What: A discussion on politics at the DOJ and its effect on
enforcement of U.S. civil rights laws.
When: Friday, April 21, at 12 p.m.
Where: TNH 2.124 , UT School of Law (For directions go to: http://www.utexas.edu/law/about/parking.html.)
Who: The public is invited to this event.
AUSTIN, Texas — Attorneys Mark Posner and Gerry Hebert will discuss the
politicization of the U.S. Department of Justice and its effect on the nation’s
civil rights laws on Friday, April 21, at The University of Texas School of
Law. The event, which is free and open to the public, will begin at 12 p.m.
in Townes Hall Room 2.124 .
The event is sponsored by the UT Chapter of the American Constitution Society for Law and Policy, the Thurgood Marshall Legal Society, the Chicano/Hispanic Law Students Association, and the LBJ School of Public Affairs’s Progressive Collective.
Over the past year, news reports have intimated the increasing role of political appointees at the U.S. Department of Justice, particularly within the Civil Rights Division. Posner and Hebert, each of whom worked at the DOJ for over 20 years, will address whether this is a real phenomenon. In particular, the speakers will explore whether such politicization has affected enforcement of the nation’s civil rights laws. Posner will focus on Section 5 of the Voting Rights Act and Hebert will focus on the Texas redistricting case.
Posner served as an attorney in the Civil Rights Division of DOJ from 1980 to 2003, and assisted in supervising the Division’s reviews of Section 5 pre-clearance submissions from the mid-1980s to 1995. He is currently an independent consultant and an adjunct professor of law at American University’s Washington College of Law and the University of Maryland School of Law. In January 2006, Posner published a paper entitled “The Politicization of Justice Department Decision-making Under Section 5 of the Voting Rights Act: Is it a Problem and What Should Congress Do?” which provides an in-depth analysis of the issue of politicization and potential remedies to counter such political considerations in the Section 5 decision-making process.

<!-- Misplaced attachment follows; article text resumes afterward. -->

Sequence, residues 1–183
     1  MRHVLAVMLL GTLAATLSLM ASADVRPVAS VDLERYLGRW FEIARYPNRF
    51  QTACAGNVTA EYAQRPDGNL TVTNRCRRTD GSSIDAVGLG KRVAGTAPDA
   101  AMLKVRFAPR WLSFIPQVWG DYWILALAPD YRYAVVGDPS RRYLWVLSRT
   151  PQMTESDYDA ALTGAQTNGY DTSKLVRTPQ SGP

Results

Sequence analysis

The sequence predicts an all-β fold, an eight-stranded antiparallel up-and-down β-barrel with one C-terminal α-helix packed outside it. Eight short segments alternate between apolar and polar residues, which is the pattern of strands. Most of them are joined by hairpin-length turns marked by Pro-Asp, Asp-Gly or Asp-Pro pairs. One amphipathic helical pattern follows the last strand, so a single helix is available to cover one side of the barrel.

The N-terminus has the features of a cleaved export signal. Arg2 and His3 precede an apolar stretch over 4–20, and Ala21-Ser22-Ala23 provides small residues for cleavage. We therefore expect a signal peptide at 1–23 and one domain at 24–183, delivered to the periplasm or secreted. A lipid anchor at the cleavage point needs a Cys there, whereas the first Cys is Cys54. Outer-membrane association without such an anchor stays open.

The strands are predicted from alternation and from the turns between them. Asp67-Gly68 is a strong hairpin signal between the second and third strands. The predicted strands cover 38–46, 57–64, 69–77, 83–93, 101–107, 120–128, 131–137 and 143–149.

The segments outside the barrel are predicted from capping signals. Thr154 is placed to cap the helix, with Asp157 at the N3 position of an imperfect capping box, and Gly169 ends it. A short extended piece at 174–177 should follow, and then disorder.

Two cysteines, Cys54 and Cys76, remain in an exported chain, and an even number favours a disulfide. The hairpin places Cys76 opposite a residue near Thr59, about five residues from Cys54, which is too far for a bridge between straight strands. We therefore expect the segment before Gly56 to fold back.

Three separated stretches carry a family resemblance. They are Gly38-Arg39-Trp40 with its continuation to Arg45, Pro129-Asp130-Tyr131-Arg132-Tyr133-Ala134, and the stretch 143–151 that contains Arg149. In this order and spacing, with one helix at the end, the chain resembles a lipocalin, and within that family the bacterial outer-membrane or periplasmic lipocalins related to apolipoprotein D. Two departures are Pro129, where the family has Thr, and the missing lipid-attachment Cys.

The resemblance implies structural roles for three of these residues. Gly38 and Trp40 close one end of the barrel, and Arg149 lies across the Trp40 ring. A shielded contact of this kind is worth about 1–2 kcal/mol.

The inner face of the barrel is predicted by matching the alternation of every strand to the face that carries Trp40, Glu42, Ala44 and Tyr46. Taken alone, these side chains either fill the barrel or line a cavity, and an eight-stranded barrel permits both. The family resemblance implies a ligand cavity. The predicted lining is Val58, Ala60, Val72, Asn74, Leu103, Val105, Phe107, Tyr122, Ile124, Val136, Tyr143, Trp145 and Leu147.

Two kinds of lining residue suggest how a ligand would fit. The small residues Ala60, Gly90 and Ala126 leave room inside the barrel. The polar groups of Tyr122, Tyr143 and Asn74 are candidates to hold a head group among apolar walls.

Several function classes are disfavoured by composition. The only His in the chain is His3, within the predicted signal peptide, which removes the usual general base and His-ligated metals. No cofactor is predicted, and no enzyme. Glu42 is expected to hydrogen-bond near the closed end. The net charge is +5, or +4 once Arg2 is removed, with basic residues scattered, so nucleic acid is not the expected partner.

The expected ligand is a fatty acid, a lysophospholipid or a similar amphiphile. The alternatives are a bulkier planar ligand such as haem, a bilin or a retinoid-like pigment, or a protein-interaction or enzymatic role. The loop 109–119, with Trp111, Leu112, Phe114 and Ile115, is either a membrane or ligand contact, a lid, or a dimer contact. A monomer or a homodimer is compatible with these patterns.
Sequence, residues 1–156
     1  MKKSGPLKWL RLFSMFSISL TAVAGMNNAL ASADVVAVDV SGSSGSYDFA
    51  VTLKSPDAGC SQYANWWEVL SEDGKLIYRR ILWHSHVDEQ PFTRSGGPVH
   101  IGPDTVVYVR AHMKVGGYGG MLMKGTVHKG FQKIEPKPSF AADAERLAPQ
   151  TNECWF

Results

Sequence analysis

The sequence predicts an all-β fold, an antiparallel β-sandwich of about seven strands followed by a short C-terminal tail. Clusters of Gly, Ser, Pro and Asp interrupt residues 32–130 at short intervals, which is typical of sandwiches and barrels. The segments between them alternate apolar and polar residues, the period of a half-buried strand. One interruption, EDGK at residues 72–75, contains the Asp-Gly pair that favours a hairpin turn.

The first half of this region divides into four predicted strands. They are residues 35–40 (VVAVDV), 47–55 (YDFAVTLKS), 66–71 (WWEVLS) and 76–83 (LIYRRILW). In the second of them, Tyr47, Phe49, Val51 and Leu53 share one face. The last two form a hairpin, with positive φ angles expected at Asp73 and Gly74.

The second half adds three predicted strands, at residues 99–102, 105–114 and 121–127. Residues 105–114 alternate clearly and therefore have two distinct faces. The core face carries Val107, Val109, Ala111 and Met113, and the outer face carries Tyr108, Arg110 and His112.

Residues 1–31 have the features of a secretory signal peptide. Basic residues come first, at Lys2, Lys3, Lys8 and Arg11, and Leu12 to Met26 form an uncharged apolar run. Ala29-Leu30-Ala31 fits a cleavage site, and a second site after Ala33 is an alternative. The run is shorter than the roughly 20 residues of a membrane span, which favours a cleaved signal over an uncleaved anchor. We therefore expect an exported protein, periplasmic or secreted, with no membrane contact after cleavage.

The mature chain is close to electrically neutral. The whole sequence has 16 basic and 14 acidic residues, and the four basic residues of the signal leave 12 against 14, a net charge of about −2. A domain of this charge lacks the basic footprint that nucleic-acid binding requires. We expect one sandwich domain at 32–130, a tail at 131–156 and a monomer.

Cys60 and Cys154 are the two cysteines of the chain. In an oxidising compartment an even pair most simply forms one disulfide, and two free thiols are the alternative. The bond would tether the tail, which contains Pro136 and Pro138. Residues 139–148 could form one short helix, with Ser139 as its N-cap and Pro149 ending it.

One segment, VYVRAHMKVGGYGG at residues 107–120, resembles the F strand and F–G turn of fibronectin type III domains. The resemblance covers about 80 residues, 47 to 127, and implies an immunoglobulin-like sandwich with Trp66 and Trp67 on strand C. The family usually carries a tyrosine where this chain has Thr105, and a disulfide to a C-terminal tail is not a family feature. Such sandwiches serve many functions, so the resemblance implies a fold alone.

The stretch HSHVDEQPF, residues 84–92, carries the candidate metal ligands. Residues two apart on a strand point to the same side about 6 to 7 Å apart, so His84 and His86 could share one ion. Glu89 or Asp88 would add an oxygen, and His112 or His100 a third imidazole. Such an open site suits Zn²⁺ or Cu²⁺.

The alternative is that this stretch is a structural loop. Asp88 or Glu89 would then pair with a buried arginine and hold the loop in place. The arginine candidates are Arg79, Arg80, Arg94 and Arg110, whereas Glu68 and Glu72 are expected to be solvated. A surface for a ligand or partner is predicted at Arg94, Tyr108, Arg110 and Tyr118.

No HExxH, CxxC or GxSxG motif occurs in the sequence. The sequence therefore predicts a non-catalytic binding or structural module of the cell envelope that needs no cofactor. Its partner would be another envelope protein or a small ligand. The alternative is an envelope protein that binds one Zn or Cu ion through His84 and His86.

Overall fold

Hebert served as an attorney in the Civil Rights Division of the DOJ from 1973 to 1994, and held various posts including acting chief, deputy chief and special litigation counsel in the Voting Section. He has served as lead attorney or chief trial counsel in numerous voting rights and redistricting lawsuits. From 1994 to 1995, Hebert served as a part-time attorney for the national office of the Lawyer’s Committee for Civil Rights under Law. He also served as General Counsel to IMPAC 2000, the national redistricting project for Congressional Democrats, from 1999 to 2002. Hebert is currently an adjunct professor at Georgetown University Law Center and a sole practitioner in Alexandria, Virginia, specializing in election law and redistricting. He served as the lead attorney for the plaintiffs in the case, now pending before the United States Supreme Court, challenging the 2003 re-redistricting of the congressional districts in Texas.